Flu experts eye jump in nastier strain

Mike Stobbe
Associated Press
H3N2 influenza A virus virions. On March 8, 2019, health officials said there's a strong chance this flu season has peaked, but are watching a recent wave of illnesses from H3N2, a nastier flu strain.

New York – There’s a strong chance this flu season has peaked, but health officials are watching a recent wave of illnesses from a nastier flu strain.

Flu was reported to be widespread in 48 states, including Michigan, last week, down from 49 the week before, the Centers for Disease Control and Prevention said Friday in its latest report on this winter’s flu season. The federal agency’s flu forecasters think there’s a 90 percent chance the flu season has peaked.

But experts also are monitoring an increase in illnesses from a kind of flu virus that tends to cause more hospitalizations and deaths, especially in the elderly.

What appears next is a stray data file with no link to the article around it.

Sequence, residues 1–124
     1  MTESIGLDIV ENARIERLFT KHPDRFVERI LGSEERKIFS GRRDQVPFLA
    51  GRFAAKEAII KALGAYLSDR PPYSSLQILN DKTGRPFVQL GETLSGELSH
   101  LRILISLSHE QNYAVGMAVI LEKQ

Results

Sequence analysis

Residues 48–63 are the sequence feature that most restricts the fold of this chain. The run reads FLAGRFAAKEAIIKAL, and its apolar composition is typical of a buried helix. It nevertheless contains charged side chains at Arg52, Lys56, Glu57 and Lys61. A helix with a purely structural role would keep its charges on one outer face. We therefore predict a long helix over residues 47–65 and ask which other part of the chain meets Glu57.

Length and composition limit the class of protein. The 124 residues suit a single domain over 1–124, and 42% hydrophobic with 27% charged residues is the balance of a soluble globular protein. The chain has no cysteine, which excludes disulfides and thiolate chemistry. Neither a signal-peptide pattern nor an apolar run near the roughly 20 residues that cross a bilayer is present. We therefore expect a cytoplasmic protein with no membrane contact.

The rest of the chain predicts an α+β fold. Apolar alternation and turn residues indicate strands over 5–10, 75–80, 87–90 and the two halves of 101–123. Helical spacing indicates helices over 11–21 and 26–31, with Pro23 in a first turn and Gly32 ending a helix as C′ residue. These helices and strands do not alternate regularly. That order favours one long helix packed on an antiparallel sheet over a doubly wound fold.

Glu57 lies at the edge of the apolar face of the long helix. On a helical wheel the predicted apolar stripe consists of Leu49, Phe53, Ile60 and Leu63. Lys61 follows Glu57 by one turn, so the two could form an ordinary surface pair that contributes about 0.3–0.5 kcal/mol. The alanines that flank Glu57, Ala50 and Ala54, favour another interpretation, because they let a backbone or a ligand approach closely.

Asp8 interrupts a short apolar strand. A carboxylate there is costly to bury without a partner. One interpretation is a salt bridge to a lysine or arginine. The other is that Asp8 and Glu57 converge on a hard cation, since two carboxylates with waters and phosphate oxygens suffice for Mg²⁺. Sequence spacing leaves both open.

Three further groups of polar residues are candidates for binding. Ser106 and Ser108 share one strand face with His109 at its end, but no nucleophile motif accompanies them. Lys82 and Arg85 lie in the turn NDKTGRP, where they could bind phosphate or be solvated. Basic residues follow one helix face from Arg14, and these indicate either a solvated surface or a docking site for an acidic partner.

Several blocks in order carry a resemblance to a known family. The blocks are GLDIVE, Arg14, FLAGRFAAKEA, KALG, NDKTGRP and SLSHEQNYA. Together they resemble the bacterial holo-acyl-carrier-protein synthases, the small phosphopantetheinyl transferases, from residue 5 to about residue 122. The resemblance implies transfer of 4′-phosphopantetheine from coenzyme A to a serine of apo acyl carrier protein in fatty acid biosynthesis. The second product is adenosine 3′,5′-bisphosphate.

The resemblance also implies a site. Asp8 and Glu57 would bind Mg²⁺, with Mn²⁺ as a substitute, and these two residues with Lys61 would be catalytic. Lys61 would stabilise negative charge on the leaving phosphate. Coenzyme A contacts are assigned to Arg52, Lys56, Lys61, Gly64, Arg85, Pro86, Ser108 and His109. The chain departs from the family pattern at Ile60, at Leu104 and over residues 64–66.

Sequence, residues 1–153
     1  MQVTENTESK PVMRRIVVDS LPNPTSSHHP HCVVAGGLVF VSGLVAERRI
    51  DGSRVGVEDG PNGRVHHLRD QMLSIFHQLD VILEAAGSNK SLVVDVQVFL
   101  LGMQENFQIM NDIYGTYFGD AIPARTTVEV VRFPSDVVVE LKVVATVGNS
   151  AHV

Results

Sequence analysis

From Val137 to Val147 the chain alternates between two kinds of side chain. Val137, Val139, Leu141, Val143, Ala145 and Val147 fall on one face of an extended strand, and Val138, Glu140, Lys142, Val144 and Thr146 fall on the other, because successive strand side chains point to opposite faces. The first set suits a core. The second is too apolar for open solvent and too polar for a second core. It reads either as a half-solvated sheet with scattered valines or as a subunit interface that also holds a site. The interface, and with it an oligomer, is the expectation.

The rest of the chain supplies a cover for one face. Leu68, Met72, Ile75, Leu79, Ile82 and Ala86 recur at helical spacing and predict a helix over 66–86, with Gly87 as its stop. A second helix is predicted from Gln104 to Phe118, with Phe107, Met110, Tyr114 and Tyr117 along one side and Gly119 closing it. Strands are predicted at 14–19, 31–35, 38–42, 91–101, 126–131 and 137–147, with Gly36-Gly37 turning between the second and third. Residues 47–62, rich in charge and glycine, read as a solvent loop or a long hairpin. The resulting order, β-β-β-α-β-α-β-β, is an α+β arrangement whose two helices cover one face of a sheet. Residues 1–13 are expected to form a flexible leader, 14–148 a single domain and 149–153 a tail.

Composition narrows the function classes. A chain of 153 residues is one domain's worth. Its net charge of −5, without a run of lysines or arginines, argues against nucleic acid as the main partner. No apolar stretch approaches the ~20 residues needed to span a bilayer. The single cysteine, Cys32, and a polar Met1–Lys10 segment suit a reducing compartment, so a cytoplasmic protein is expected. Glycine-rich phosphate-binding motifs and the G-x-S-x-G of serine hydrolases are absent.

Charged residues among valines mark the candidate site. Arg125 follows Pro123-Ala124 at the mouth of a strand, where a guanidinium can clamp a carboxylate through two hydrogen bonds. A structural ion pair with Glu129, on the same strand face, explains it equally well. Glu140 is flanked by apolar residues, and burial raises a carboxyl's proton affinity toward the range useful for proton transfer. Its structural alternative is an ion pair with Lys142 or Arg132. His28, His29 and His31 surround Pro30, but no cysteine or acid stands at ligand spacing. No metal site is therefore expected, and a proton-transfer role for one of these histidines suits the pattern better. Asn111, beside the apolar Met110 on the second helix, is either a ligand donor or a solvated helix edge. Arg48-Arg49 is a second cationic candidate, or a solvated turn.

It’s not unusual for several flu strains to spread around the country at the same time, but one kind usually predominates.

This season, a milder strain has been the most common cause of flu illnesses. But for the last two weeks, more illnesses have been tied to a strain that tends to cause more deaths.

Walgreens Flu Index for week ending March 2, 2019

Last week, about 60 percent of the flu virus samples tested were the more troublesome strain, known as Type A H3N2.

Uncertainty about what kind of H3N2 will be spreading later this year recently led the World Health Organization to postpone its decision on which strains should go into the flu vaccine for next season.

Last season, an estimated 80,000 Americans died of flu and its complications, the disease’s highest death toll in at least four decades. CDC officials estimate there have been somewhere around 20,000 to 30,000 flu-related deaths so far this winter.